If there is a dab of glue that holds the bang your knees together laughter generated by Adventures in Dating’s first act it is Jen the waitress. This most amusing exploration of the human condition, with respect to dating, is now playing at the Shadowbox Theatre presented by Monkeys With A Typewriter and written by Rob Tymec.
It is no less a must see for those demanding an outstanding evening of exceptional acting with a fascinating script that never bores and often goes down startling roads, somewhat like real life dating.
In the first act Jeff, played by Tymec himself and just off of a four-month failed relationship, has taken to joining the dating game and powering forward with as many connections as he can arrange. His modus operandi is simple, dinner at a cozy restaurant.
To say the play exposes the differences in personalities of dating women is a bit of an understatement. What is a genuine bonus is how these differences are a deep source of humour, Tymec as scriptwriter, has tapped for good and proper romantic comedy.
It is entirely entertaining to see how quickly Jeff’s dates dead-end, with no chance of a second round. There is some value in this for anyone who has sat in a restaurant and wondered about some of the couples they see. No more wondering.
Those couples are probably on the same route to disaster as happens with Jeff with Tymec providing the story arches that fill in the blanks and explain the body language.
Body language itself is really the secret ingredient to success of Adventures in Dating. There are only two actors involved in the Adventures, Tymec and the impressive Teagan Smallhorn.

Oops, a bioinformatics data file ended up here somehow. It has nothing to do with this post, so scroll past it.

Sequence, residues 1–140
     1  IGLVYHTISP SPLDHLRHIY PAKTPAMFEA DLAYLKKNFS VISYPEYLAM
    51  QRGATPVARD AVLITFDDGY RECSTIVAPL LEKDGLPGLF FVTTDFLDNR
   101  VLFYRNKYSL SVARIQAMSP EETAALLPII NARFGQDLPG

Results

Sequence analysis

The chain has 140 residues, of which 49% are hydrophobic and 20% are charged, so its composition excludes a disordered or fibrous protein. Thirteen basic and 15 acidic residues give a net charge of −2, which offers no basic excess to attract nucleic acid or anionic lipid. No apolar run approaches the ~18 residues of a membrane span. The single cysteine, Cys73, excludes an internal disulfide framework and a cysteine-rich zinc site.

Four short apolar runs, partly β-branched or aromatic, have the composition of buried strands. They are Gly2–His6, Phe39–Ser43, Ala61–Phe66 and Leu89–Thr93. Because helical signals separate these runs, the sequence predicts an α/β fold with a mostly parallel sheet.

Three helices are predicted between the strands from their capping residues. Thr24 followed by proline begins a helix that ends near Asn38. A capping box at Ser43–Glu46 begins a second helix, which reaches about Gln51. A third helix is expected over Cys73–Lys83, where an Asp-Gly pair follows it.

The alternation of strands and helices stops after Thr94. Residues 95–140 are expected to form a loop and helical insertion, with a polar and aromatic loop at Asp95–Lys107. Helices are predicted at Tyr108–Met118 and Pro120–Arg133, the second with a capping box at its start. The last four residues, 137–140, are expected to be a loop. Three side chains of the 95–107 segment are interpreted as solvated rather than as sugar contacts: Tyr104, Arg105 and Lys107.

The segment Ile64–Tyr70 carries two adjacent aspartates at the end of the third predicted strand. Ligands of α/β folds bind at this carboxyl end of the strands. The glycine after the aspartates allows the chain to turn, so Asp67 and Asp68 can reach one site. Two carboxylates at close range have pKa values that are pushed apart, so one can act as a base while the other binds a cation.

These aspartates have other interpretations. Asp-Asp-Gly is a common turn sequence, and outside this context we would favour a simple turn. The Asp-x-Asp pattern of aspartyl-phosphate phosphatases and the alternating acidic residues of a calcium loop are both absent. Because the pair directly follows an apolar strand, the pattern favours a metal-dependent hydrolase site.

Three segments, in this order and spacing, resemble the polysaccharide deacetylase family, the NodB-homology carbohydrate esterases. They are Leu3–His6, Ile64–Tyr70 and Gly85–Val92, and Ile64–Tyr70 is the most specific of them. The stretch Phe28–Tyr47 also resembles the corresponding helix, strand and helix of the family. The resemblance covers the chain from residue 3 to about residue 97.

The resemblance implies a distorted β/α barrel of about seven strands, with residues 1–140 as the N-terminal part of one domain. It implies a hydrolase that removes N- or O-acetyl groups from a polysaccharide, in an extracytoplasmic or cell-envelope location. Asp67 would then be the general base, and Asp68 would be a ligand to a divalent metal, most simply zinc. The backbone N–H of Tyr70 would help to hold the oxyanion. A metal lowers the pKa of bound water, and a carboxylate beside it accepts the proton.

Smallhorn’s character Jen, as the waitress, is always willing to be the sympathetic listening post for Tymec’s Jeff to lament about his ruined dinners and thereby is the glue holding the plot together, possibly. Like Tymec who plays all the men, Smallhorn plays all the women.
Now it might seem an almost impossible task considering there are no breaks in the action for costume changes or make-up adjustments. This, however is what makes the play so special. Both actors have a polished fluidity allowing then to transition seamlessly from character to character. In Tymec’s case, these switches also add even more humour to a very funny script.
Although act two requires a change of venue, which is fundamentally executed by simply changing a table cloth, the situation remains of dater and date, except Jen is now the girl seeking love with an assortment of men acted with prolific uniqueness by Tymec.
On the surface, Jen seems to have an advantage, always managing a second, third and so forth dinner date with such characters as an actor, a Dr. Who nerd and a therapist. She had good reason. She keeps up appearances to learn more about them, their interests or for her own advantage such as using the therapist for therapy. She is also fascinated with learning more about the famed British science fiction serial. These pursuits endear her to the audience.
Everything seems so plausible and predictable. But Tymec doesn’t write plausible and predictable scripts. Instead, he writes to surprise and succeeds superbly.
All of this is acted out, in trademark style for Tymec, not on the stage but the floor of the Shadowbox Theatre. The theatre itself is intimate enough but with this arrangement, Tymec tells Eyes on Windsor, the actors are able to draw the audience into the play. In other words, there are no bad seats in the house.
Two more presentations of the play are scheduled for May 18, and 25 starting at 8pm. Ticket prices are $15 for adults, $10 for students and seniors.
For more information visit the Adventures In Dating listing on the Eyes On Windsor events calendar.
Article by Robert Tuomi
For over a decade, Robert has covered local news and community events. Initially as a contributor to CBC Radio’s local morning show and then as the long-time producer and host of CJAM’s The Rest of the News and as a journalist at the Windsor Square. A graduate of the Nikon School of Photography he enjoys illustrating his reports with what he sees through his camera’s lens.